If Cathay were following these rules, the flat 30% withholding would not make any sense. This is so because withholding is not imposed on a flat-rate basis. Instead, income tax withholding on wages is based on the employee’s particular tax situation. The employer is advised how much withholding should be undertaken by the employee’s submission to his employer of a completed Form W-4. Generally speaking, the Form W-4 allows a taxpayer a certain degree of control over how much of his salary he wants subject to federal income tax withholding by permitting him to specify the number of so-called “withholding allowances” he can claim with regard to his paycheck. The number of “withholding allowances” claimed by the employee on the Form W-4 will have a direct impact on the amount of income that is withheld by the employer for federal income tax. A taxpayer can adjust his withholding allowances at any time during his employment.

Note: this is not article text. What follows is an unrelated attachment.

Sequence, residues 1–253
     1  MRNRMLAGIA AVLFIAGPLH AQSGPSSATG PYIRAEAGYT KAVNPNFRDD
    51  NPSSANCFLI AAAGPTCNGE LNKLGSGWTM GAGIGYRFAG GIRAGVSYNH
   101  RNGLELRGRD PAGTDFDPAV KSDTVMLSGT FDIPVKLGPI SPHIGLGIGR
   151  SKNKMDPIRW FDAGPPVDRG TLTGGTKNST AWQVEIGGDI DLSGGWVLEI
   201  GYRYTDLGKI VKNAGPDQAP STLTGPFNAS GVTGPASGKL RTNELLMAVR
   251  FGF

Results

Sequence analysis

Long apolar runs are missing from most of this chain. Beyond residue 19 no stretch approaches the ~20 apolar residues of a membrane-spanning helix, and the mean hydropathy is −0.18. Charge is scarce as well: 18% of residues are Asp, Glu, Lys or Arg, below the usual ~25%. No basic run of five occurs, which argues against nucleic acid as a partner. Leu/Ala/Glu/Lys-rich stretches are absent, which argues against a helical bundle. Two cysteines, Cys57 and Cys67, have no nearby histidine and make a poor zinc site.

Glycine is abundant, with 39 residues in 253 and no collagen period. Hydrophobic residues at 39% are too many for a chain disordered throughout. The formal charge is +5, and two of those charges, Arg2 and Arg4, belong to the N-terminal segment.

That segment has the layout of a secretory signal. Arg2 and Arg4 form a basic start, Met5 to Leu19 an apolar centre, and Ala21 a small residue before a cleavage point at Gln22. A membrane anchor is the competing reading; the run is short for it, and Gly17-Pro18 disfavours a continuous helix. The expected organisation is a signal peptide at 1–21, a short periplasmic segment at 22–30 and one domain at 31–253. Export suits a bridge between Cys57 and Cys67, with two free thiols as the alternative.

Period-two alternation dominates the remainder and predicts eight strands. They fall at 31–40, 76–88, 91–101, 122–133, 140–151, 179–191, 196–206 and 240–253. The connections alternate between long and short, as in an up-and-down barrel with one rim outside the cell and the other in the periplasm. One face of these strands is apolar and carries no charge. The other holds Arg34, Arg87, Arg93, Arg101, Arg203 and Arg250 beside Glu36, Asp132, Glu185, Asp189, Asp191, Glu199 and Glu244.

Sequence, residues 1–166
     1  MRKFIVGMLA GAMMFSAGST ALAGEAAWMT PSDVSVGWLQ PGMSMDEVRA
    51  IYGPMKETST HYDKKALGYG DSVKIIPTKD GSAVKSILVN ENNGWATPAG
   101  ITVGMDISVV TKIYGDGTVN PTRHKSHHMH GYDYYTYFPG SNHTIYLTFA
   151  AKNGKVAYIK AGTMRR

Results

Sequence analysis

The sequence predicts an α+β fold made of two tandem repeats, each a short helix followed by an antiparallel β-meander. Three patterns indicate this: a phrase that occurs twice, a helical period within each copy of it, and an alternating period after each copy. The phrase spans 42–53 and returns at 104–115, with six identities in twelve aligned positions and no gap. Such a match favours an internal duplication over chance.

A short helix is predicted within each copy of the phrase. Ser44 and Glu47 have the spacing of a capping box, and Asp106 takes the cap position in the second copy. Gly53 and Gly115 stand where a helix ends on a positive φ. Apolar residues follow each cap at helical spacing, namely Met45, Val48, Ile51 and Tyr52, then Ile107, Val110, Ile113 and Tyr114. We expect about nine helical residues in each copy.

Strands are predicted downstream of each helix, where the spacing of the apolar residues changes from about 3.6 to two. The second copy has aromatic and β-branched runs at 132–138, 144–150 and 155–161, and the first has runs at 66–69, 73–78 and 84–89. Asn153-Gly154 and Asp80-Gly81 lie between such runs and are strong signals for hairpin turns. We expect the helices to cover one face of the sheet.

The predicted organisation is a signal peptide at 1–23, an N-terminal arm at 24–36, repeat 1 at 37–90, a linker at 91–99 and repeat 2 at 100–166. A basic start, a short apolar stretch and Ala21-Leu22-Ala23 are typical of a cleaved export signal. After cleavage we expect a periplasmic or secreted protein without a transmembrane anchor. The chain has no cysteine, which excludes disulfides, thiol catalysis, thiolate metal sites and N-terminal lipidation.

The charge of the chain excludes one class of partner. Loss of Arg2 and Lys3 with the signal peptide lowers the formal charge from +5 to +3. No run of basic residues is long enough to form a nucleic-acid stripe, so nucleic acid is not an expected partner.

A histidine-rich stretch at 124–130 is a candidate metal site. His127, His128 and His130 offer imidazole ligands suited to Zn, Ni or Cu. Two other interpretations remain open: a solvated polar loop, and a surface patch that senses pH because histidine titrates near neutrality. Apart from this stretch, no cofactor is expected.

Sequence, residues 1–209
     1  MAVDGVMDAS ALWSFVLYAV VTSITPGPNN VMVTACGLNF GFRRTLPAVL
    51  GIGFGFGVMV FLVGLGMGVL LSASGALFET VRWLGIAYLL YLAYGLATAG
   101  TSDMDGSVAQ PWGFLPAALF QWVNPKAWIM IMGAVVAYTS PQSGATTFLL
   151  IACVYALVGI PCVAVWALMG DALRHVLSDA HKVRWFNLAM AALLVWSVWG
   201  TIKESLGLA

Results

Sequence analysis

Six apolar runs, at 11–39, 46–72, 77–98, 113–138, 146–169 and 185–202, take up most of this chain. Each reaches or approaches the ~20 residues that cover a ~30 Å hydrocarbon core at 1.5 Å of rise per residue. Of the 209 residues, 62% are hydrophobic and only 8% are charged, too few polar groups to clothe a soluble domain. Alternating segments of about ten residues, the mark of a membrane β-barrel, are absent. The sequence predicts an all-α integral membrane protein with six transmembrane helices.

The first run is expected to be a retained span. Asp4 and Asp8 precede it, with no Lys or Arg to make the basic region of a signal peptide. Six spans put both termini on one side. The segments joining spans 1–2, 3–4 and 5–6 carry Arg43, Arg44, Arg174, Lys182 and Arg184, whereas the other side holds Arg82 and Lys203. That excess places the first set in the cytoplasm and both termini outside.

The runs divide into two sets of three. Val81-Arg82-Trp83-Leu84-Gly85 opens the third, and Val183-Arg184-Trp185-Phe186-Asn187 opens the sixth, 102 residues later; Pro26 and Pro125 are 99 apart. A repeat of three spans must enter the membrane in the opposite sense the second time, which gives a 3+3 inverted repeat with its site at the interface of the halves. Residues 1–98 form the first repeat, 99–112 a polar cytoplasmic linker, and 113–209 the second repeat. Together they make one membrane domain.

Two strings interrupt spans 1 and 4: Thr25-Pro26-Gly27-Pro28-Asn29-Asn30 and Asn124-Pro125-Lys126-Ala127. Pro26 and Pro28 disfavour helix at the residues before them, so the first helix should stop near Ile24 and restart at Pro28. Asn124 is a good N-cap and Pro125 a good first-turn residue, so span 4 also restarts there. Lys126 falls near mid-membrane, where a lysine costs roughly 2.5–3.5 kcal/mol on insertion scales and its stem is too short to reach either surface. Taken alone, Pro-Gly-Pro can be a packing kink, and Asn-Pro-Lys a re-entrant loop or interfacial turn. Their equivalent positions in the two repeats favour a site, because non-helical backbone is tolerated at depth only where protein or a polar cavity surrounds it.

Revenue Ruling 92-106 and the Long Arm of the IRS
Implementing Code sections 3401 and 3402 regarding withholding duties of employers making payment of wages, the IRS issued Revenue Ruling 92-106 1992-2 C.B. 258. The Ruling provides that when a US citizen or resident performs services overseas as an employee of a foreign employer income tax withholding applies to the wages paid. The Ruling discusses the two exclusions from withholding for amounts paid to US citizen employees, mentioned above (that is, no withholding is required for amounts paid to US citizens if the amounts are excludable from income under the foreign earned income / housing exclusions of Code section 911; or for amounts on which the employer is required to withhold income tax by the laws of a foreign country). In the Ruling the IRS makes clear that a foreign employer of a US citizen or resident must withhold US income taxes, even though the foreign employer has no US trade or business or other US connection, such as a US payroll system.